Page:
After The Funeral by Agatha Christie
In this post-war novel, a family gather for a rich man’s funeral. His sister voices the opinion that he was murdered and then she herself meets a violent end. Hercule Poirot is summoned to put his resourcefulness to the case. He must sort through baffling family members, people with controlling artistic mania, people with selfishly acquired means, people who resent being resented and finally the febrile truth is exposed by the dissonantly serene Poirot.
This was okay, a tale of the old world struggling to find a modern function. This is in the 2nd tier of Christie novels above such works as ‘The ABC Murders’, ‘And Then There Were None’, ‘The Body In The Library’, ‘A Caribbean Mystery’, ‘Death In The Clouds’, ‘Dumb Witness’, ‘Elephants Can Remember’, ‘Evil Under The Sun’, ‘4:50 From Paddington’, ‘Halloween Party’, ‘The Hound of Death’, ‘The Man In The Brown Suit’, ‘The Mirror Crack’d from Side To Side’, ‘Murder Is Easy’, ‘Murder On The Orient Express’, ‘Nemesis’, ‘Ordeal by Innocence’, ‘The Pale Horse’, ‘Peril at End House’ and ‘Sparkling Cyanide’.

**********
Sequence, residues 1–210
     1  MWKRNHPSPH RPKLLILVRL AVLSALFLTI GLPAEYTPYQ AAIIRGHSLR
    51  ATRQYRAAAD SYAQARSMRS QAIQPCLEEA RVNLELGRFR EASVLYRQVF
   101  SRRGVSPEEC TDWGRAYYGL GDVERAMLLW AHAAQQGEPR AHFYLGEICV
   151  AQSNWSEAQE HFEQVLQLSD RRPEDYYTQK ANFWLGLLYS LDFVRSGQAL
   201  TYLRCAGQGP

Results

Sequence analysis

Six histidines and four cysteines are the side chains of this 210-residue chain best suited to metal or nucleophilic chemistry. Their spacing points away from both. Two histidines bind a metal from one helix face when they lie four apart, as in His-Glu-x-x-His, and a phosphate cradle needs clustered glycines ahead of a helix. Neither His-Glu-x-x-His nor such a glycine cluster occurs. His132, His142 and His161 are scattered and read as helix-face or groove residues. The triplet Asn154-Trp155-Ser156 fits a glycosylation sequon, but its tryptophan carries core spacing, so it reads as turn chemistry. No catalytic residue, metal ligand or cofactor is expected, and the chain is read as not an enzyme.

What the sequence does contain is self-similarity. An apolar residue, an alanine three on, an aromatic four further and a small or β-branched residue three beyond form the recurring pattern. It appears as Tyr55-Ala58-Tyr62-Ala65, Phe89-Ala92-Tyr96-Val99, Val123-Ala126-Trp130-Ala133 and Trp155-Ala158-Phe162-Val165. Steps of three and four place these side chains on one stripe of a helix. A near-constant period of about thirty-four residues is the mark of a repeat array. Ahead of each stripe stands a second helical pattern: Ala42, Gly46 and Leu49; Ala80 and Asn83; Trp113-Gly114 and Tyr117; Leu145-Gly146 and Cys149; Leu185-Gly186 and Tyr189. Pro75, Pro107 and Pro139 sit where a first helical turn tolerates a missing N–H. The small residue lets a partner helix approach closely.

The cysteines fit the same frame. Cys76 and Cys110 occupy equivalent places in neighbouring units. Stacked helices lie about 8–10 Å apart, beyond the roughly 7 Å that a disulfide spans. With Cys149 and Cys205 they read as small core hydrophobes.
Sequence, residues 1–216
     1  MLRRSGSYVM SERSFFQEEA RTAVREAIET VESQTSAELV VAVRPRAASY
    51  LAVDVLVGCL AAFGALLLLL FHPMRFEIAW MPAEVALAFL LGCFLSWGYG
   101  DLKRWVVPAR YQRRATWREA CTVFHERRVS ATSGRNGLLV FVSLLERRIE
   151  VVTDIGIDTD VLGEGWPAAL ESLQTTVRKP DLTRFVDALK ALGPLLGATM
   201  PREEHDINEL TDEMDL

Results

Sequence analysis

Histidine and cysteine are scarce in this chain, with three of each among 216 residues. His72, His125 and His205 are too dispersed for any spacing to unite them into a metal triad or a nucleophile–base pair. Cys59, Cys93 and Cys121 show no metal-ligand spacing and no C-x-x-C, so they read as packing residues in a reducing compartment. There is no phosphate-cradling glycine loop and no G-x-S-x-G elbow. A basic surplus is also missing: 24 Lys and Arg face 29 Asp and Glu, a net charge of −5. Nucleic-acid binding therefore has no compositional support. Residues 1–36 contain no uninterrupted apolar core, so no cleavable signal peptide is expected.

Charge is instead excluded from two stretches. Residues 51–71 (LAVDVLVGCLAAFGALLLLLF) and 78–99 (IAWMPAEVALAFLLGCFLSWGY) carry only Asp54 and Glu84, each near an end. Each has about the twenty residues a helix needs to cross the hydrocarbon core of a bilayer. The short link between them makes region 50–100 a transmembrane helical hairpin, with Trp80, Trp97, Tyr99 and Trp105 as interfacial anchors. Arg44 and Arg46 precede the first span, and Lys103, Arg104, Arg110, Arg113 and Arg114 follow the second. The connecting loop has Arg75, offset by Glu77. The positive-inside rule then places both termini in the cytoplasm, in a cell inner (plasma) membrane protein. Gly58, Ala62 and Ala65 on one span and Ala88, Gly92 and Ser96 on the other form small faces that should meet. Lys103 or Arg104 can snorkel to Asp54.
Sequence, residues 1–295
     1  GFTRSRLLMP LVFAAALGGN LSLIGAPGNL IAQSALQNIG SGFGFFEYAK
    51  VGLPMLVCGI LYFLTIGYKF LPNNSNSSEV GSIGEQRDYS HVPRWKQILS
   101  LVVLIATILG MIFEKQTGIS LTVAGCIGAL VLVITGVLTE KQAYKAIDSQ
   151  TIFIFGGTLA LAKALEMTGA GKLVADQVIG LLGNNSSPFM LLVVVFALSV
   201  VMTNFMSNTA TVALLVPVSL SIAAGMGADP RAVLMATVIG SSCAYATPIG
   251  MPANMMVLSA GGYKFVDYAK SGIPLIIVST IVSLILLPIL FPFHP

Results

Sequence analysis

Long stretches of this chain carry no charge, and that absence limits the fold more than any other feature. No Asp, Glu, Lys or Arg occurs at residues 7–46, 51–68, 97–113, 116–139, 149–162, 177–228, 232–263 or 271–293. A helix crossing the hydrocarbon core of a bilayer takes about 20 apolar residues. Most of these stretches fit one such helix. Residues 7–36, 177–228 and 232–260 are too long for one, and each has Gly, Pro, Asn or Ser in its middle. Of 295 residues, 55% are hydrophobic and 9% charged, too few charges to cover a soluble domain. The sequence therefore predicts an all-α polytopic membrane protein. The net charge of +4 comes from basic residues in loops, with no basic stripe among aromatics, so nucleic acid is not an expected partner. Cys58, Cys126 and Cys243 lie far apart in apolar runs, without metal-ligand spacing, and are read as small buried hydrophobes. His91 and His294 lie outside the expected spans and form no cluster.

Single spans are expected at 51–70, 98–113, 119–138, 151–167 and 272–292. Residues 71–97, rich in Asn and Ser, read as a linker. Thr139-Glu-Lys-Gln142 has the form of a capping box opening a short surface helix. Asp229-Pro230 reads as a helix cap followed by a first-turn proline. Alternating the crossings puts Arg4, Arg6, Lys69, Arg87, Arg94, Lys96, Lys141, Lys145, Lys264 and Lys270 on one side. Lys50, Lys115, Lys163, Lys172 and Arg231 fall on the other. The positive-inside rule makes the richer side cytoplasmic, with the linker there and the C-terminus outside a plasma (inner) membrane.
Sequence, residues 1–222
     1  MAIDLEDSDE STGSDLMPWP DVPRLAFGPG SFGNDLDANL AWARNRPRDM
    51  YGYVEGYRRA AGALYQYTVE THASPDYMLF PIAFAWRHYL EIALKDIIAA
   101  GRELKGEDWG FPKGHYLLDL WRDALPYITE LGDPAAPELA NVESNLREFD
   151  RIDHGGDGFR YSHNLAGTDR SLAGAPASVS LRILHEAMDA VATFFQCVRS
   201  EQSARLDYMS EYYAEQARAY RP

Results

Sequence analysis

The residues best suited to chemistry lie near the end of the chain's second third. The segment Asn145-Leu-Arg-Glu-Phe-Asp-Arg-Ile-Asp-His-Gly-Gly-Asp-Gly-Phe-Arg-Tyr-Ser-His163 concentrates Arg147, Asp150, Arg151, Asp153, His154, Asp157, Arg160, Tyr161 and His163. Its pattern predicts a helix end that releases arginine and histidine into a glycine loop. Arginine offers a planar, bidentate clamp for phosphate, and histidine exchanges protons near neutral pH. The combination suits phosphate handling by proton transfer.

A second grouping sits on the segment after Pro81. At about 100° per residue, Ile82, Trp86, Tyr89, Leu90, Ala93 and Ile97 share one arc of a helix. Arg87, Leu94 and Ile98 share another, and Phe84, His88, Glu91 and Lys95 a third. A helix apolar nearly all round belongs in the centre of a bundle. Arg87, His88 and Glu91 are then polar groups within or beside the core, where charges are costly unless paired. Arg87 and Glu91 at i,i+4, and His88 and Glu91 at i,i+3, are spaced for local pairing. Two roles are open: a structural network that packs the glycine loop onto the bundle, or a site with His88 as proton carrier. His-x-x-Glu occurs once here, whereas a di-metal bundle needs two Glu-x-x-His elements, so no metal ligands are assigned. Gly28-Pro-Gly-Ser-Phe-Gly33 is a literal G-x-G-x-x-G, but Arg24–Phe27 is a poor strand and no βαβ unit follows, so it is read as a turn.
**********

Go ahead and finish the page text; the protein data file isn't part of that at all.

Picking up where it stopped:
“The Abernethie girls were not good choosers.”
“I really cannot envisage the hatchet.”
“There, will that content you?”
“All this education racket. It gives them ideas.”
“I could have used a pitchfork, sir, and I intended to if necessary.”
“It would underlie the point that it is unwise to make jokes about murder,”
“Altogether too many nuns!”